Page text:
Updated: Feb 26
In the last article, we investigated the birth of the Nintendo corporation. We saw its humble beginnings in 1889 making playing cards by hand. We then witnessed its rise to national success in the late 1970s, when Nintendo brought the Color TV-Game series of consoles to Japanese living rooms.
But this was only the beginning of Nintendo’s domination of Japan’s nascent video game scene. Their next innovation would free gamers from the living room by allowing them to take gaming with them wherever they went. This is the story of how Nintendo invented handheld gaming.
With the new decade came a wealth of new ideas. One of these ideas was gaming-on-the-go. Nintendo employee and Product Developer Gunpei Yokoi allegedly saw a fellow Shinkansen commuter passing the time by playing around with a pocket LCD calculator. This inspired Yokoi to create a portable handheld video game device - the 4-bit Game & Watch series.
A New Design Philosophy...
Yokoi had a design philosophy that would influence the Game & Watch series and every Nintendo gaming device that would come after. This philosophy was called ‘Lateral thinking of Withered Technology.’ This means using existing and readily available technology in a different way to do something new. In this case, using LCD screens for games.
This philosophy concentrated on novelty and gameplay instead of focusing on being at the bleeding edge of technology. The fruits of this philosophy are something we will see time and again. Nintendo’s consoles are rarely the most advanced on the market in terms of sheer ‘horsepower’ (CPU, GPU, RAM, etc.) however they frequently offer a gameplay experience quite distinct from the competition, be that SEGA, Sony or Microsoft.
...For Old Tech
The standout feature of the Game & Watch devices was their inexpensive and low power-draw LCD screens, similar to those used in calculators. Although the graphics were extremely limited - consisting of solid black areas of the screen that could only be switched on or off - they were inexpensive to manufacture and their low power-draw allowed the Game & Watch series to use standard LR4x/SR4x "button-cell" batteries. This, in turn, ensured a long battery life and enabled the Game and Watch’s compact pocket-sized form factor. If you are wondering why they were called ‘Game & Watch’ - it is due to them doubling as digital timekeeping devices.
The Game and Watch series ran from 1980 to 1991. As you would expect, later titles were notably more advanced than earlier incarnations. Compare Fire (Game & Watch) from 1980 to Super Mario Bros (Game & Watch) from 1988.
Game & Watch: Fire
Fire (Game and Watch). One of the earlier Game & Watch titles
Video by bad@chaos
Clever game design could put the relatively primitive technology to good use, creating the illusion of movement, scrolling, jumping, etc. The video below of Super Mario Bros (Game and Watch) demonstrates this well.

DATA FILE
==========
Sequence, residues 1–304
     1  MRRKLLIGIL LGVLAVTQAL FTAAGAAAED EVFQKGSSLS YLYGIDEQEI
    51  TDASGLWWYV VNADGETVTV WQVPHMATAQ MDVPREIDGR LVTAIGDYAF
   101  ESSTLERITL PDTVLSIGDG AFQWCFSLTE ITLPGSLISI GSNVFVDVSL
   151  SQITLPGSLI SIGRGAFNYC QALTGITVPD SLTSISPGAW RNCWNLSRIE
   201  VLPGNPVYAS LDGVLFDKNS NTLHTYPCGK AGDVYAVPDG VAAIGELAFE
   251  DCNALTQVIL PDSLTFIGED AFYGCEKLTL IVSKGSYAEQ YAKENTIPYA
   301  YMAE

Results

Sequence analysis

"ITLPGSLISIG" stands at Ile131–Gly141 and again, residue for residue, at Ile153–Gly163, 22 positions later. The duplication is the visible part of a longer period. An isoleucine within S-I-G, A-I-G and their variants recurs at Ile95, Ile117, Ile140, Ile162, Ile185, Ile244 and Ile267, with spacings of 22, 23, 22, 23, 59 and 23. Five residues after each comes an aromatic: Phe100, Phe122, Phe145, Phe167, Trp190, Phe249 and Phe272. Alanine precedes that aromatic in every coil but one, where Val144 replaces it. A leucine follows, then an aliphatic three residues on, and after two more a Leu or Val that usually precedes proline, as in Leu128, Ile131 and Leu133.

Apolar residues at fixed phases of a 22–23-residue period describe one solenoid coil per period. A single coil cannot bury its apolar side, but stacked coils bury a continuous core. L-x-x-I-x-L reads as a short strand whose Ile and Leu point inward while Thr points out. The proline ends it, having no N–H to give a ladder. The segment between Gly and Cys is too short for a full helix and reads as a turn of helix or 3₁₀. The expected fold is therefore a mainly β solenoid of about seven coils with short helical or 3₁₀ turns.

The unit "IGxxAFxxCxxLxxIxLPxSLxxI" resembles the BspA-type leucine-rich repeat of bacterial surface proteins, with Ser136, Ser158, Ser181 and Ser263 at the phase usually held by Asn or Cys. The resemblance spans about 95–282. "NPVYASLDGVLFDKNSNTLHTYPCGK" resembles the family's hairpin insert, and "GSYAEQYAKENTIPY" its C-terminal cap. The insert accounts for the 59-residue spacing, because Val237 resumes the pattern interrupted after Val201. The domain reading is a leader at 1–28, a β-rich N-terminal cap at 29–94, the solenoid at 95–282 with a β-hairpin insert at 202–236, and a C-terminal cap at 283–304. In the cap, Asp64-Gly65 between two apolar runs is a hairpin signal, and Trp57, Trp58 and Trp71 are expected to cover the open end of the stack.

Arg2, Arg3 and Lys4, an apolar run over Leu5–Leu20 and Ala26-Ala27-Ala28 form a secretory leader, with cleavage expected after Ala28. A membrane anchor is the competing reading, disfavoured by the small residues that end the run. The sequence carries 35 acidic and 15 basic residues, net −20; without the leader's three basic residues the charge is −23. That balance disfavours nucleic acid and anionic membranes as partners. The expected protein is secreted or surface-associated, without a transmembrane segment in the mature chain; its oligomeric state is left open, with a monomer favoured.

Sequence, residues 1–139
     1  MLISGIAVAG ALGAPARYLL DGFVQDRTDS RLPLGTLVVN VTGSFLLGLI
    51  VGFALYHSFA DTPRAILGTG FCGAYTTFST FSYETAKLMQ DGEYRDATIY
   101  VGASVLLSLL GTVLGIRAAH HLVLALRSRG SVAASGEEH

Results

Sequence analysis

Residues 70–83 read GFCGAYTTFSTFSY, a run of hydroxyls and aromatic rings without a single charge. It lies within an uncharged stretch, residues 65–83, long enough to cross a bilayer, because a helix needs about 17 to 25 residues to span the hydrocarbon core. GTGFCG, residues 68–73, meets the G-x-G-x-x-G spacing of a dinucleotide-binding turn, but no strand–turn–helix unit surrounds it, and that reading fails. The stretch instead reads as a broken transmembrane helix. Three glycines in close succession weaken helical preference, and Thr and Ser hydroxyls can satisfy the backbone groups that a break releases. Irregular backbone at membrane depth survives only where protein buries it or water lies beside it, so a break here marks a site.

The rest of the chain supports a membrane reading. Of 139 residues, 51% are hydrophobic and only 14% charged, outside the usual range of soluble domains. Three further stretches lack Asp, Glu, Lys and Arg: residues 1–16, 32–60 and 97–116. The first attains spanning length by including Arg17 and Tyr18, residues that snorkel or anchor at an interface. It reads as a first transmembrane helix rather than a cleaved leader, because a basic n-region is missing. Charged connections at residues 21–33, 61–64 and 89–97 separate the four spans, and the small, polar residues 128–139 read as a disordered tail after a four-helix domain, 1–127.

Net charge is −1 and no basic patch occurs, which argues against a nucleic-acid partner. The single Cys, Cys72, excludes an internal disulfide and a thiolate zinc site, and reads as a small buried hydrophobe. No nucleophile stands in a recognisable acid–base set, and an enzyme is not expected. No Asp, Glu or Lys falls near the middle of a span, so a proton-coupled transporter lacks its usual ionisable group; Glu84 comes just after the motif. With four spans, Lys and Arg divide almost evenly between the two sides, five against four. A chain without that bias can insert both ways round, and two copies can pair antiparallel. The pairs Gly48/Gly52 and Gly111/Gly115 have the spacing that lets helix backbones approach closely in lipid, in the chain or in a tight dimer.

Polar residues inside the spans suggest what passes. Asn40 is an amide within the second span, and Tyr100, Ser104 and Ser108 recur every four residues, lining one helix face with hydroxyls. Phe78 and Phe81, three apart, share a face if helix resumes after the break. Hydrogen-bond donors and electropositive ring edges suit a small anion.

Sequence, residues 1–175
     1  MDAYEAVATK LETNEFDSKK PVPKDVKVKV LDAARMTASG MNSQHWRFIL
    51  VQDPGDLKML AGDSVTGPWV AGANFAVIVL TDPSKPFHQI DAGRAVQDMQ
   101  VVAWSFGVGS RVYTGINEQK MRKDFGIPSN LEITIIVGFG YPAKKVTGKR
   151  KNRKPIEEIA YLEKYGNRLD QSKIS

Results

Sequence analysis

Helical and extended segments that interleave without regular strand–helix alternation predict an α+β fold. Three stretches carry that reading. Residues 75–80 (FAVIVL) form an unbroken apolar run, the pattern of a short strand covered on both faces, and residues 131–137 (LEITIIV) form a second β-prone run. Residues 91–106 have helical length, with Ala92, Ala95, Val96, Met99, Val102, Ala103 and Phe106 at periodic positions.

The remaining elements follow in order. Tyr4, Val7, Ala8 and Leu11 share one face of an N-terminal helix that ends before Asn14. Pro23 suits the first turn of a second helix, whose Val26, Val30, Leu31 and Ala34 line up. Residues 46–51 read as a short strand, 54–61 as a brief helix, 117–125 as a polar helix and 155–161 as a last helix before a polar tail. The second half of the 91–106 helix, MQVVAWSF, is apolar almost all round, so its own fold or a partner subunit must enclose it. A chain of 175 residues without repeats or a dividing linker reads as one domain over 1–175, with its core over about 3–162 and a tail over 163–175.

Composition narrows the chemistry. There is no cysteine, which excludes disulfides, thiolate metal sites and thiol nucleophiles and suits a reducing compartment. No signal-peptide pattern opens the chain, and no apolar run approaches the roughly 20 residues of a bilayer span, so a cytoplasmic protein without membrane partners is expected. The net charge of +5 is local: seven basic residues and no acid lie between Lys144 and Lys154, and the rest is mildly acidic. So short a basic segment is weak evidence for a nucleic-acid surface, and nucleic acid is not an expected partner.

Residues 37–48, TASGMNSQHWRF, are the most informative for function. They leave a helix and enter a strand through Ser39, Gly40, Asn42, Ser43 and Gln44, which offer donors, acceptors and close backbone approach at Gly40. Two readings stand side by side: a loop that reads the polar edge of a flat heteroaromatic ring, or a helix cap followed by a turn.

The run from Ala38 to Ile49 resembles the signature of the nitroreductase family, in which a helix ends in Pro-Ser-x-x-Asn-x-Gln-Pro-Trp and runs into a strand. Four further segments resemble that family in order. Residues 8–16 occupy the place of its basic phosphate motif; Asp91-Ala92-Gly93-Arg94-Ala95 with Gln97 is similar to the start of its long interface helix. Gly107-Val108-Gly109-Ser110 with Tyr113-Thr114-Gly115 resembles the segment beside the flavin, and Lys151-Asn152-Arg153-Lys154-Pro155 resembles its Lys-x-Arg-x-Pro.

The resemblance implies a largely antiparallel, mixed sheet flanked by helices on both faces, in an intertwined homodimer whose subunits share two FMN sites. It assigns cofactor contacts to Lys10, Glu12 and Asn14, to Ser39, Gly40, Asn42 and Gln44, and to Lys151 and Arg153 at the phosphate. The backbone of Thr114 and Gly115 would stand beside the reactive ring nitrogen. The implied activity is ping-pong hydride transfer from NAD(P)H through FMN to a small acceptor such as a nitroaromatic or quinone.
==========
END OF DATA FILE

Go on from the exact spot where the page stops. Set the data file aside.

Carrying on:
Game & Watch: Super Mario Bros
One of the last games made for the Game & Watch, and one of the most sophisticated
Video by Retro Dave’s Pinball Arcade
Similar to most 1st gen consoles, each Game & Watch device came with preinstalled game(s) which could not be altered or expanded. This resulted in approximately 60 game devices being released under the Game & Watch banner.
Many of these devices featured an ‘A’ and ‘B’ game. The ‘B’ game was usually the same as ‘A’, but faster and more difficult. In essence, these were early examples of selectable difficulty modes - something that would become common practice in most video games.
Two Screens, One Game
The games under the Game & Watch banner were divided into 12 distinct series, with each series possessing its own unique form factor. One of the most influential of these was the Vertical Multi Screen series. These devices featured two screens in a folding clamshell design, a form factor that Nintendo would re-visit in 2004 with their phenomenally successful DS (Dual Screen) devices.
A New Control Interface - The D-pad
The Vertical Multi-Screen series included a portable version of Donkey Kong. This device featured what was then a revolutionary control interface - the D-pad. This allowed for multi-directional controls in a compact and low-profile interface, which was ideal for portable gaming. So innovative and useful was the D-Pad (Direction Pad) that it won a Technology & Engineering Emmy Award. Nintendo would go on to patent the solid cross-shaped D-pad and use it in many of their later products. These innovations led the Game and Watch series to be a commercial success in Nintendo’s native Japan, with some 43.3 million units sold.
Note the D-Pad towards the lower-left corner
NB - apparently it is due to Nintendo’s patent of the ‘unbroken cross D-Pad’, and a desire to avoid potential copyright infringements, that PlayStation controllers have a D-pad consisting of what appears to be four separate buttons and the X-box’s D-pad is set in a circle. Gaming Historian’s video below explains this in more detail.
Who Invented the D-Pad?
Ever wanted to dissect a joypad?
Video by Gaming Historian
FYI - Nintendo’s patent expired in 2005, which explains why third-party manufacturers can now create controllers with ‘unbroken cross D-Pads’ without fear of copyright infringement.
Incidentally, the D-Pad was originally going to be placed on the right-hand side of the device, since most people are right-handed. However, since most video arcade cabinets had their joystick on the left the decision was made to follow suit as it was what gamers were used to.